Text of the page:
MEDICAL AND DENTAL EXPENSES
If you itemize your deductions, these expenses are deductible only when paid by you, and the unreimbursed expenses exceed 10% of your adjusted gross income. If you (or your spouse if filing jointly) are 65 or older, these expenses are deductible when the unreimbursed expenses exceed 7.5% of your adjusted gross income. These expenses include the premiums for insurance that covers the expenses of medical and dental care, and the amounts you pay for transportation for these purposes.
Contributions can be of cash (includes check and credit card donations) or noncash items. If you donate clothes or furniture to a qualified charity, the value of those items may be deductible if they are in good used condition or better. Keep receipts from charity, noting the items donated as well as their fair market value when donated.
Cash contributions, regardless of the amount, require a bank record or written confirmation from the charity.
Your deduction for a car donated to a qualified organization is limited to the gross proceeds from its sale by the organization if the claimed value is more than $500. For a donation valued at more than $500, Form 1098-C, Contributions of Motor Vehicles, Boats, and Airplanes issued by the charity must be attached to the tax return. Without the Form 1098-C, you cannot deduct your contribution. However, if the organization makes significant intervening use of, or materially improves the car, it will be marked on Form 1098-C and you generally can deduct its fair market value.
Total noncash contributions over $500 require you to complete Section A of Form 8283, Noncash Charitable Contributions. Contributions of noncash items valued at over $5,000 require an appraisal and completion of Section B of Form 8283.
Out-of-pocket expenses when serving as a volunteer for a qualified organization may also be deductions you can take. You can deduct unreimbursed expenses such as the cost of gas and oil that are directly related to the use of the car in giving services to a charitable organization. If you do not deduct actual expenses you can use the standard mileage rate of 14 cents a mile.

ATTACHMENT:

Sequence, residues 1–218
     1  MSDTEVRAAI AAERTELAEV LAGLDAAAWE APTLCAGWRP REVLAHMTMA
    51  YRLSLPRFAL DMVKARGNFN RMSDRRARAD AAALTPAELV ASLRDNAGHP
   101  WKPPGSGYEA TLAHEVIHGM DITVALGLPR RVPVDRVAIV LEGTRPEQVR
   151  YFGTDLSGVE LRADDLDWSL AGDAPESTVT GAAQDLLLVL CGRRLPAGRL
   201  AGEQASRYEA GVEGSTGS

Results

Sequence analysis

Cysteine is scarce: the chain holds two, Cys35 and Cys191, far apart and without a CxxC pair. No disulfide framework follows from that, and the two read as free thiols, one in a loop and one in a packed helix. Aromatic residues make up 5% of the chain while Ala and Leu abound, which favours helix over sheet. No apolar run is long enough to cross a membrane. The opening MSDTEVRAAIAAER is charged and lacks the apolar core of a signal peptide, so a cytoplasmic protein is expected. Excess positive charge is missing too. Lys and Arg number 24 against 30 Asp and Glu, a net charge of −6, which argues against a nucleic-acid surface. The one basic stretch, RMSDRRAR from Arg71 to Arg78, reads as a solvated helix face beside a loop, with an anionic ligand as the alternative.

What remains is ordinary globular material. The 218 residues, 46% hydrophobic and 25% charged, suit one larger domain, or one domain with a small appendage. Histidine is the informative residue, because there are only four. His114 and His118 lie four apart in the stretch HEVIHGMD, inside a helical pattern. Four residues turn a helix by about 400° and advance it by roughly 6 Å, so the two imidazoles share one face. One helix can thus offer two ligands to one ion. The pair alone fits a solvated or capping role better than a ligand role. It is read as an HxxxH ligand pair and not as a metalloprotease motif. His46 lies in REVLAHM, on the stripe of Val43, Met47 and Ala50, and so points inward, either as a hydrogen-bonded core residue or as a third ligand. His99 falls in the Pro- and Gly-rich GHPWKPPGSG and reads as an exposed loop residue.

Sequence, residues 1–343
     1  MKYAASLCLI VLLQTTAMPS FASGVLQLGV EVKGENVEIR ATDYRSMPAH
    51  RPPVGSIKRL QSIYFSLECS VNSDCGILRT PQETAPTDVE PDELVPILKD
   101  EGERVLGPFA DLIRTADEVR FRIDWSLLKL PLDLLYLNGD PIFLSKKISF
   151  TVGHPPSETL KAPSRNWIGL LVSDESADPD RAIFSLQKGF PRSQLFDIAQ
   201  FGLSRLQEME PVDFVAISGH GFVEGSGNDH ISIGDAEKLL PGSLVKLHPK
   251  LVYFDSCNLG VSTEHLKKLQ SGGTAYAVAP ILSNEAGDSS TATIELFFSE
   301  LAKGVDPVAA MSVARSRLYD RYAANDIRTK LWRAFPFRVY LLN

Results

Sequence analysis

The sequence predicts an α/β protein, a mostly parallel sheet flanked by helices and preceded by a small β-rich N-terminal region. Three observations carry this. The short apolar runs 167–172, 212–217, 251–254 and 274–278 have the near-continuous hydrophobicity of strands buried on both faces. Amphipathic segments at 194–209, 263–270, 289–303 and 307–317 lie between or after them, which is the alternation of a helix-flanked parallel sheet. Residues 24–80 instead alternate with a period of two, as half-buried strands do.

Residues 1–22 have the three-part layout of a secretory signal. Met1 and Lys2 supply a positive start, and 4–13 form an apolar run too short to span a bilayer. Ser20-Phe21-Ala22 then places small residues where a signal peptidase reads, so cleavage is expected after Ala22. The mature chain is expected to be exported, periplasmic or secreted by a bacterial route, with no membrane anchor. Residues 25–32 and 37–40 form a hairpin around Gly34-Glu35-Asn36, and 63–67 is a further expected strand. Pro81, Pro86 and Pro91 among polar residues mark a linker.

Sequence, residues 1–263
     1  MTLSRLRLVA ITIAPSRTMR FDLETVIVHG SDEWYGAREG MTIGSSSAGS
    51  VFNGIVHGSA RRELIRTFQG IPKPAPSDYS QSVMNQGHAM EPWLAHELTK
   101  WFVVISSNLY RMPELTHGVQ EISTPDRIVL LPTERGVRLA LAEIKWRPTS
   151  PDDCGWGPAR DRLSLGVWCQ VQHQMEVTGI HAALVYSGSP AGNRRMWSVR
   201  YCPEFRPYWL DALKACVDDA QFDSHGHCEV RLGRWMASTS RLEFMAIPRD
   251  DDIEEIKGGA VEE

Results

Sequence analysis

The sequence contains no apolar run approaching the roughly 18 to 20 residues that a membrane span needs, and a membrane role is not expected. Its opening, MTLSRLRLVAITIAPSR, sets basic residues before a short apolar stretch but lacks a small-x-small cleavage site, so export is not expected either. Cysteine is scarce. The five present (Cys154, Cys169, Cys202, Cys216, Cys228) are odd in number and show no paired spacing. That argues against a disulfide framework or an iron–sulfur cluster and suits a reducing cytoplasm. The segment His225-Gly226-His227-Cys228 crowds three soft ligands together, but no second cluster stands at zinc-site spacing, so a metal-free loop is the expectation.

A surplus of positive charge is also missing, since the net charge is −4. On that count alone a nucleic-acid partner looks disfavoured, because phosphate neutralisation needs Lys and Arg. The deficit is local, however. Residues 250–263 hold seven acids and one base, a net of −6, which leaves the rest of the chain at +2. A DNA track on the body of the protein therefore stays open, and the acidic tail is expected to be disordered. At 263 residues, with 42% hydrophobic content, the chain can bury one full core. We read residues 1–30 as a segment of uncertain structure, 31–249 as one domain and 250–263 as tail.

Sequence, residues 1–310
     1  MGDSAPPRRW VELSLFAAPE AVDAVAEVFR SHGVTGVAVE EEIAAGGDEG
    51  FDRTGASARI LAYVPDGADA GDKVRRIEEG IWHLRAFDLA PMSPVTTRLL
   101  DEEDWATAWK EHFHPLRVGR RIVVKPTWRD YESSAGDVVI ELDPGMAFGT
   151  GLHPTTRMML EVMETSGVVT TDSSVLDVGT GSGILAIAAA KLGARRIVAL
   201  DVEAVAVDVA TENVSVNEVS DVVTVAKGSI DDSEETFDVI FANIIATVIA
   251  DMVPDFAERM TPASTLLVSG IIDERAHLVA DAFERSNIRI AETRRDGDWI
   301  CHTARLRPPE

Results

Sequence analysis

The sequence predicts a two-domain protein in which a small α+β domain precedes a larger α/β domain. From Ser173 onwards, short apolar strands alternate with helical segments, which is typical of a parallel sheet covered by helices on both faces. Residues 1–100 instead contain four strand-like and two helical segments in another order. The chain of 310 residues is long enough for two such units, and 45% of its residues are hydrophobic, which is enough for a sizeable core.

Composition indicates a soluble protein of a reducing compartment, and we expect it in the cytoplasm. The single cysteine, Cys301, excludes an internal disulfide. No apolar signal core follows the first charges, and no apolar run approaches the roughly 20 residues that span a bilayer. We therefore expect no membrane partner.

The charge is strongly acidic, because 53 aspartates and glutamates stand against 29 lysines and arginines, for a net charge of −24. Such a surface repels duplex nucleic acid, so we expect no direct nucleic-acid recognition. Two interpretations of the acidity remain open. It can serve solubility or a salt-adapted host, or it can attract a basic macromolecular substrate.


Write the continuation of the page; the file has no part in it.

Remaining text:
CASUALTY AND THEFT LOSSES
If you lose property through a casualty or theft, you may be entitled to a tax deduction. Such casualties would include car accidents, fires, vandalism, disasters such as hurricanes or another identifiable event that is sudden, unexpected or unusual in nature. If your property is covered by insurance, you subtract any insurance or other reimbursement you received or expect to receive when you figure your loss. You claim your casualty or theft loss on Form 4684, Casualties and Thefts.
EMPLOYMENT EXPENSES, FORM 2106 OR 2106-EZ
Use Form 2106, Employee Business Expenses, or Form 2106-EZ, Unreimbursed Employee Business Expenses, to figure your deduction for employee business expenses. You can deduct the expenses that exceed 2% of your adjusted gross income. Depending on your employer’s reimbursement arrangement, special rules may apply. If a personal vehicle is used for business purposes, either a standard mileage rate or actual expenses can be claimed. Good written records are required.
Uniforms and Work Clothes
Work clothes and uniforms are deductible if they are required for your job and not suitable to wear outside the workplace. Protective gear such as hard hats and steel-toed boots qualify if necessary for your job.
Work-Related Educational Expenses
You may be able to deduct work-related educational expenses for education that:
- Maintains or improves skills required in your present job or business,
- Serves a business purpose and is required by your employer, or by law or regulation, to keep your salary, status or job.
Your expenses are not deductible if the education is required to meet the minimum educational requirements of your job or is part of a program that will qualify you for a new trade or business. Expenses include tuition, books, supplies, and certain transportation or travel costs.
TAX PREPARATION FEES
The fees paid for the cost of tax preparation, software and tax publication can be deducted. The tax preparation fees are usually be deducted in the year you pay them and are subject to the 2%.limit.
Legal fees such as for an adoption, divorce or property settlement are not deductible. However, legal fees to produce taxable income or to collect taxable income such as alimony or those related to doing or keeping your job are deductible as miscellaneous itemized deductions on Schedule A, subject to the 2% limit.